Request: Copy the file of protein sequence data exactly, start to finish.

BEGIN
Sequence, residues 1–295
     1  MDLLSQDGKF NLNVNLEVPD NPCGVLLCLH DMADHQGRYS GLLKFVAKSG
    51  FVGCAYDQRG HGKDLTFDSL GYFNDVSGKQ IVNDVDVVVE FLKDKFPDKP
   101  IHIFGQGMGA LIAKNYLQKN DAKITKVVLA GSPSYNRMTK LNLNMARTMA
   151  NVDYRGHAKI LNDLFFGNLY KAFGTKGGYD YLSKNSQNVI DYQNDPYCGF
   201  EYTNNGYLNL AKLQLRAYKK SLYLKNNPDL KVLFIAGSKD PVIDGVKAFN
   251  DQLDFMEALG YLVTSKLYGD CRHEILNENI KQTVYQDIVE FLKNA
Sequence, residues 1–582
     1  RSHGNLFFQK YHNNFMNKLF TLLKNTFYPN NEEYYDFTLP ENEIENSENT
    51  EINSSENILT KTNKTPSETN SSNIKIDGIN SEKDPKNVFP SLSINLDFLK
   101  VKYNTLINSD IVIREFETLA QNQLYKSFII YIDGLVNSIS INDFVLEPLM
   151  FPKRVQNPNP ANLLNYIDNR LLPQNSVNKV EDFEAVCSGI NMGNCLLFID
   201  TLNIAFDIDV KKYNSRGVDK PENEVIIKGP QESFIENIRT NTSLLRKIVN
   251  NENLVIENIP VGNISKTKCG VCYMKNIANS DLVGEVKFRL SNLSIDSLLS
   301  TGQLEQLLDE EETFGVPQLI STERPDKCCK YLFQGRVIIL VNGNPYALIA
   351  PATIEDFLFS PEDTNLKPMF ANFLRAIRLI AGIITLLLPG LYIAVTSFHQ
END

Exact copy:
Sequence, residues 1–295
     1  MDLLSQDGKF NLNVNLEVPD NPCGVLLCLH DMADHQGRYS GLLKFVAKSG
    51  FVGCAYDQRG HGKDLTFDSL GYFNDVSGKQ IVNDVDVVVE FLKDKFPDKP
   101  IHIFGQGMGA LIAKNYLQKN DAKITKVVLA GSPSYNRMTK LNLNMARTMA
   151  NVDYRGHAKI LNDLFFGNLY KAFGTKGGYD YLSKNSQNVI DYQNDPYCGF
   201  EYTNNGYLNL AKLQLRAYKK SLYLKNNPDL KVLFIAGSKD PVIDGVKAFN
   251  DQLDFMEALG YLVTSKLYGD CRHEILNENI KQTVYQDIVE FLKNA
Sequence, residues 1–582
     1  RSHGNLFFQK YHNNFMNKLF TLLKNTFYPN NEEYYDFTLP ENEIENSENT
    51  EINSSENILT KTNKTPSETN SSNIKIDGIN SEKDPKNVFP SLSINLDFLK
   101  VKYNTLINSD IVIREFETLA QNQLYKSFII YIDGLVNSIS INDFVLEPLM
   151  FPKRVQNPNP ANLLNYIDNR LLPQNSVNKV EDFEAVCSGI NMGNCLLFID
   201  TLNIAFDIDV KKYNSRGVDK PENEVIIKGP QESFIENIRT NTSLLRKIVN
   251  NENLVIENIP VGNISKTKCG VCYMKNIANS DLVGEVKFRL SNLSIDSLLS
   301  TGQLEQLLDE EETFGVPQLI STERPDKCCK YLFQGRVIIL VNGNPYALIA
   351  PATIEDFLFS PEDTNLKPMF ANFLRAIRLI AGIITLLLPG LYIAVTSFHQ